Pathophysiological Insights of Hypertension in Patients with Chronic Kidney Disease
Hypertension is a multi-organ disease, and kidneys play a central role in the development of hypertension, although the kidneys are also being a target organ for hypertension-induced damage. The association between hypertension and chronic kidney disease (CKD) is well known. The prevalence of hypertension increases and control of hypertension becomes more difficult as kidney functions decline. Understanding of the pathophysiology of hypertension is critical for the management of hypertension in CKD. However, there are large gaps in our understanding of pathogenesis and treatment of CKD-related hypertension. Basically, high blood pressure is caused by an increase in cardiac output and/or increase of total peripheral resistance. Both can be deteriorated by a variety of different mechanisms in CKD. Sodium retention and extracellular volume expansion are important, but not the only factors contributing to hypertension seen in CKD. Humoral factors such as renin-angiotensin-aldosterone system, endothelin, and non-humoral factors such as mineral bone disorders may also play a major role in the pathogenesis of hypertension in CKD.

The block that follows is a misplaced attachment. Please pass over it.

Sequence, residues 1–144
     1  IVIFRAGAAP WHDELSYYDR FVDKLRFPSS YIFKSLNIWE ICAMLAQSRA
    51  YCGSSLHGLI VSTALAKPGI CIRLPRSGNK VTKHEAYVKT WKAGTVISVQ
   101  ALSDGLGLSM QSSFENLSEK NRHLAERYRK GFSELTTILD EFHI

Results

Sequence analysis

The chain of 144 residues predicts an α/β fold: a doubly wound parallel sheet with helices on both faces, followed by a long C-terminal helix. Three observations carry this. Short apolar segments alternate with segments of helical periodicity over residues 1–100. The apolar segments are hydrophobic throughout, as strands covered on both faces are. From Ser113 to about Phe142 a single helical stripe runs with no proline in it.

KeywordsHypertension Chronic kidney disease Blood pressure Sodium retention Volume overload The Renin Angiotensin Aldosterone System Sympathetic nervous system Endothelins Oxidative stress Nitric oxide Drugs
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